Vassar Clements

Sample this concert
  1. 1Rocky Top03:02
  2. 2Lonesome Fiddle Blues02:40
  3. 3It's Mighty Dark03:55
  4. 4Listen To The Mockingbird03:10
  5. 52 AM03:11
  6. 6Faded Love (Incomplete)02:17
  7. 7Rag Mama Rag04:58
  8. 8Osh Kosh03:06
  9. 9Handpicked08:37
  10. 10Will The Circle Be Unbroken03:11
  11. 11Orange Blossom Special06:53
Liner Notes

Vassar Clements - violin, vocals; Jackie Garrett - piano, vocals; Jim Murphy - pedal steel guitar, dobro, vocals; Eddie Debruhl - bass, vocals; Brian Cole - drums

Vassar Clements, a self-taught musician whose skills were impressive enough to attract the attention of Bill Monroe, first appeared alongside the bluegrass giant on the stage of the Grand Ole Opry in 1949, recording his first session with Monroe the following year. Initially establishing his reputation as a member of Monroe's 1950s band, Vassar Clements soon became one of the most distinctive, inventive, and popular fiddlers in bluegrass music. Over the next four decades, Clements distinguished himself by incorporating a number of different genres into his style, never limiting himself to traditional bluegrass. Big band and swing music were strong influences and this diversity and virtuosity led to him becoming a highly sought-after session musician, playing with artists as diverse as Hank Williams, Paul McCartney, Gordon Lightfoot, Vince Gill, and Bonnie Raitt. In 1972 Clements was featured on The Nitty Gritty Dirt Band's hit album Will the Circle Be Unbroken, which helped establish him as a country and bluegrass star. The following year, he teamed up with Peter Rowan, David Grisman, and Jerry Garcia in the massively popular Old & In The Way. The popularity of these recordings led to his first solo album, Crossing the Catskills, on Rounder Records and Clements began touring the festival and college circuits with his own band shortly thereafter, taking his listeners on an exploratory journey through his past, present and future.

This performance, recorded at the University of New Hampshire in 1976, is a fine early example of the Vassar Clements Band experience, combining jazz with country, rock with bluegrass, and little of everything else in between. The diversity of this set is highly impressive, with a stellar selection of material spanning decades of Clements's musical interests. Traditional bluegrass is represented early in the set by the likes of "Rocky Top" and one of his Clements own signature songs, "Lonesome Fiddle Blues." However, it is the next two numbers that best represent the genre and display Clements gift for modernizing vintage songs. "It's Mighty Dark" dates back to Flatt & Scruggs tenure with the great Bill Monroe and was a highlight of the Sessions album that had been released (featuring Vassar) the previous year. Next up is "Listen To The Mockingbird," a song that according to Vassar, is older than "Orange Blossom Special." They humorously announce that this song is Throckmorton's favorite vocal. (Lest the listener be confused by this, Throckmorton is the name of Vassar's fiddle.) On all four of these opening numbers, Vassar and company bring classic bluegrass arrangements into a modern context with great flare and style.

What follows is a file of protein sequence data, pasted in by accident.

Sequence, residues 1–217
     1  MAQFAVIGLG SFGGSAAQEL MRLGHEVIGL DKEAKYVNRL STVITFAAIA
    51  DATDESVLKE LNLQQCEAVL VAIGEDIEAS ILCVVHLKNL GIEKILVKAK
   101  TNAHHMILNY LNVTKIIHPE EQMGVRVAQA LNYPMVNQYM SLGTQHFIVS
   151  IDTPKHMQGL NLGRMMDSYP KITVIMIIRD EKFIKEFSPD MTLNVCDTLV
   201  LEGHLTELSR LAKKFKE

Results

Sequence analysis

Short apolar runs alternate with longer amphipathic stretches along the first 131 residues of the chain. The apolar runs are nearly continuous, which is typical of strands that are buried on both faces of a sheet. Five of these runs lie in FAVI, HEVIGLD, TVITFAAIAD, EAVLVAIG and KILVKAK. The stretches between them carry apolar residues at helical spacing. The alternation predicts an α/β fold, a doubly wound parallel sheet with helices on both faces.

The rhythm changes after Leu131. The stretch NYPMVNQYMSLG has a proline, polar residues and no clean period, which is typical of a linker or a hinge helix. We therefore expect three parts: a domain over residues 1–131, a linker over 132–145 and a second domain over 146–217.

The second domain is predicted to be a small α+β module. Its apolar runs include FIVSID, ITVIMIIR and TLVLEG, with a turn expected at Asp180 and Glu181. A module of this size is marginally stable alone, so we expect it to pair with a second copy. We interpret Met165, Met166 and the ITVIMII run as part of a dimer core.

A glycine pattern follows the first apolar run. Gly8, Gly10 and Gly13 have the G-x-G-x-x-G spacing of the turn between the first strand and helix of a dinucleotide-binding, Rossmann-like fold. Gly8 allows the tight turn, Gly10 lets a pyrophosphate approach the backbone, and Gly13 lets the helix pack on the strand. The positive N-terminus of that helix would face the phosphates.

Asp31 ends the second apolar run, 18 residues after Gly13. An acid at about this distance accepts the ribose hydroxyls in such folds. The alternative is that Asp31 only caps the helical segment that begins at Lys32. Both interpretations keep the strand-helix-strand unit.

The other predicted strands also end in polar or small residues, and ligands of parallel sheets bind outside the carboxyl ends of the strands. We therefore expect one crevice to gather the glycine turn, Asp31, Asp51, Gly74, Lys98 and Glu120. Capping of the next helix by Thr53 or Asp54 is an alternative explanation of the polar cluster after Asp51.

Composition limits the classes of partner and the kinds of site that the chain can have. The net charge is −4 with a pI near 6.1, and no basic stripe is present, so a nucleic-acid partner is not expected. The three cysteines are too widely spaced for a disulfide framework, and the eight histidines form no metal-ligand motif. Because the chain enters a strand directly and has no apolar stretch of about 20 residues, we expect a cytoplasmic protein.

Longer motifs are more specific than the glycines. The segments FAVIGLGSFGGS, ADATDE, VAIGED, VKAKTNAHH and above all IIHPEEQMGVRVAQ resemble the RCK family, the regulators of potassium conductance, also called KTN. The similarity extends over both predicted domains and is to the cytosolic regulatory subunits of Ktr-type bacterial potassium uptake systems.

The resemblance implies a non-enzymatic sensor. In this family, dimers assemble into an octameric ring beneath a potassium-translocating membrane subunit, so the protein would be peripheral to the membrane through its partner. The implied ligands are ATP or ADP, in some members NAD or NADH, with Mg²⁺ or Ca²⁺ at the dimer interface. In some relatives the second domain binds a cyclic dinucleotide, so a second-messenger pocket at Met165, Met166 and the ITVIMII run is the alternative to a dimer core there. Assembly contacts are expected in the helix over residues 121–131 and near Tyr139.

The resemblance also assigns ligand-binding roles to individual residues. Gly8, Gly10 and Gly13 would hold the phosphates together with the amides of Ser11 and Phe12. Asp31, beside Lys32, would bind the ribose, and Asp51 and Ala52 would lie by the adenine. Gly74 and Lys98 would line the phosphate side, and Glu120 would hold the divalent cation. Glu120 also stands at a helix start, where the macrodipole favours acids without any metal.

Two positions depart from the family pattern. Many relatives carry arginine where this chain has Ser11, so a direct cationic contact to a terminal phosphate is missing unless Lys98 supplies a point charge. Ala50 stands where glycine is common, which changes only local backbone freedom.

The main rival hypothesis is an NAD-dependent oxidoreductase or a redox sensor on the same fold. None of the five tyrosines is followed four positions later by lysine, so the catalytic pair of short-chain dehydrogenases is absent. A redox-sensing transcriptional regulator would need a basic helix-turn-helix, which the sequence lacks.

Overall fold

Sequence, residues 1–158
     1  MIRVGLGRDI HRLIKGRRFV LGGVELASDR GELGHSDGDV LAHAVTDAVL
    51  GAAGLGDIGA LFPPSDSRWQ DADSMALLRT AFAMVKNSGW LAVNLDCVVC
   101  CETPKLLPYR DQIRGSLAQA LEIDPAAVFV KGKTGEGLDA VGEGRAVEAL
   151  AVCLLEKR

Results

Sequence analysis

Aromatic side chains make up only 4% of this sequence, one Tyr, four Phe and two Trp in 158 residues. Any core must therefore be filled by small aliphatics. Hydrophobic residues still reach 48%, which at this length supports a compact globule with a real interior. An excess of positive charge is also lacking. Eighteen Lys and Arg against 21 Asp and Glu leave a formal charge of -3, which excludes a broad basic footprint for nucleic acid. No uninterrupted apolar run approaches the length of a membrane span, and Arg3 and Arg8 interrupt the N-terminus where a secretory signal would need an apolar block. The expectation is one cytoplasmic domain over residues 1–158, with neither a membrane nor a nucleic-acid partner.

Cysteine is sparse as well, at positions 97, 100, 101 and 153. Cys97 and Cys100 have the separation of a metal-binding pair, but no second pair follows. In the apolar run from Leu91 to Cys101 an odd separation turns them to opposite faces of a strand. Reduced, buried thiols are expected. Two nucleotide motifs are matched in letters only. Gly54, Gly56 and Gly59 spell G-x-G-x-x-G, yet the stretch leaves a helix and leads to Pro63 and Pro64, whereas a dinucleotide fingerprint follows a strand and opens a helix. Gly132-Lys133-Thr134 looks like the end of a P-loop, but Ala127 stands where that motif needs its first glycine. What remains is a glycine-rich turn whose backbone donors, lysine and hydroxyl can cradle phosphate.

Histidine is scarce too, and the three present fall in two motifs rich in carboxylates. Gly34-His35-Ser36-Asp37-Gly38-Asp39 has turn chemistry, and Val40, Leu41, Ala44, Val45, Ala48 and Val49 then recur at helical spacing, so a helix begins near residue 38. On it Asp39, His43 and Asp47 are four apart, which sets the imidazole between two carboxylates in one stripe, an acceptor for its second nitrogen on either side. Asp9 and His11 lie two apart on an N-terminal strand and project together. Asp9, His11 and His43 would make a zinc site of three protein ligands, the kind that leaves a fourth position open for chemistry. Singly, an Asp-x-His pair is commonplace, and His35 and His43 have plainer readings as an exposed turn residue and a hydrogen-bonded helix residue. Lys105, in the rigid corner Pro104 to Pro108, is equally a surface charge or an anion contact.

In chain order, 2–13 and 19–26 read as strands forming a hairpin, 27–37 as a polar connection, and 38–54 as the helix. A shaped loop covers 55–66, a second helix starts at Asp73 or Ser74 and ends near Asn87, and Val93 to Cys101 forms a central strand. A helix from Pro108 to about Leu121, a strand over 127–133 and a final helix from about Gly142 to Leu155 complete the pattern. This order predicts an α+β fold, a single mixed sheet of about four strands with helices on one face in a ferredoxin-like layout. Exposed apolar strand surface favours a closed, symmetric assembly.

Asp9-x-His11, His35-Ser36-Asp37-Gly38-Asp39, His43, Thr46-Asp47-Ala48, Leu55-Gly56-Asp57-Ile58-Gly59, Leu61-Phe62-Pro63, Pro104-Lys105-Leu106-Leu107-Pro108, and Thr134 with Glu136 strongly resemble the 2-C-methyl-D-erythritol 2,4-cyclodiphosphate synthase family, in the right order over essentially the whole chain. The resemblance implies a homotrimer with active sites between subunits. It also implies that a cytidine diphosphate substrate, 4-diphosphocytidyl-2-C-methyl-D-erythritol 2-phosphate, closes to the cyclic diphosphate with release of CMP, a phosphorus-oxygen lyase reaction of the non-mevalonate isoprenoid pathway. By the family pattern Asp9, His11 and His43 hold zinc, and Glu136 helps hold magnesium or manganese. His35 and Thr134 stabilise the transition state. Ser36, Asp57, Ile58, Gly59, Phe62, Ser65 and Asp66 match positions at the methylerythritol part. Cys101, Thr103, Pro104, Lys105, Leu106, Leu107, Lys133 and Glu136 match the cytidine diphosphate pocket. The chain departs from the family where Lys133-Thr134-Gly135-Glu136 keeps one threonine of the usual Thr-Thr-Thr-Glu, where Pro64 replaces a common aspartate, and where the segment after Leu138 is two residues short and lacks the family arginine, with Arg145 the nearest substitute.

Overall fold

Next up is a fine take of "2AM," an original composition featured on the group's most recent album. This is a fine display of the instrumental virtuosity and cohesiveness of the group. This is followed by a medley of Bob Willis & The Texas Playboys classics, with only "Faded Love" captured before the tape stock ran out. When the recording resumes, they deliver an utterly unique and highly improvised interpretation of the Band's classic, "Rag Mama Rag," which raises the overall intensity level up a notch, followed by an even more impressive take on "Oshkosh," another Vassar original that showcases the expressiveness of his astounding fiddle technique.

One of the most high energy numbers is reserved for the tail end of the show and that is "Handpicked." This song was originally featured on Allman Brother Dickey Betts' first solo album, Highway Call, which prominently featured Vassar. Here it is a tour-de-force performance that begins humorously, with a false start on "Waltzing Matilda," before launching into a swinging jam fest. Here the entire band gets a chance to flex their improvisational muscles, taking the listener on a thoroughly engaging ride. The ultimate crowd-pleasers are saved for last and Clements invites the audience to participate in the set closing "Will The Circle Be Unbroken," which leaves them clamoring for more. When they return for an encore, Clements dazzles all listeners with a rip-roaring take on "Orange Blossom Special."

Throughout this set, Vassar Clements displays uninhibited and unabashed expression in his approach to music. In the tradition of all the great musical stylists, he rejects being categorized, performing with the depth of someone born to play. His solos soar in a manner reminiscent of the great Big Band soloists of decades prior. Equally well versed in bluegrass, country, rock, blues, jazz, and swing, Vassar Clements was indeed the quintessential American musician.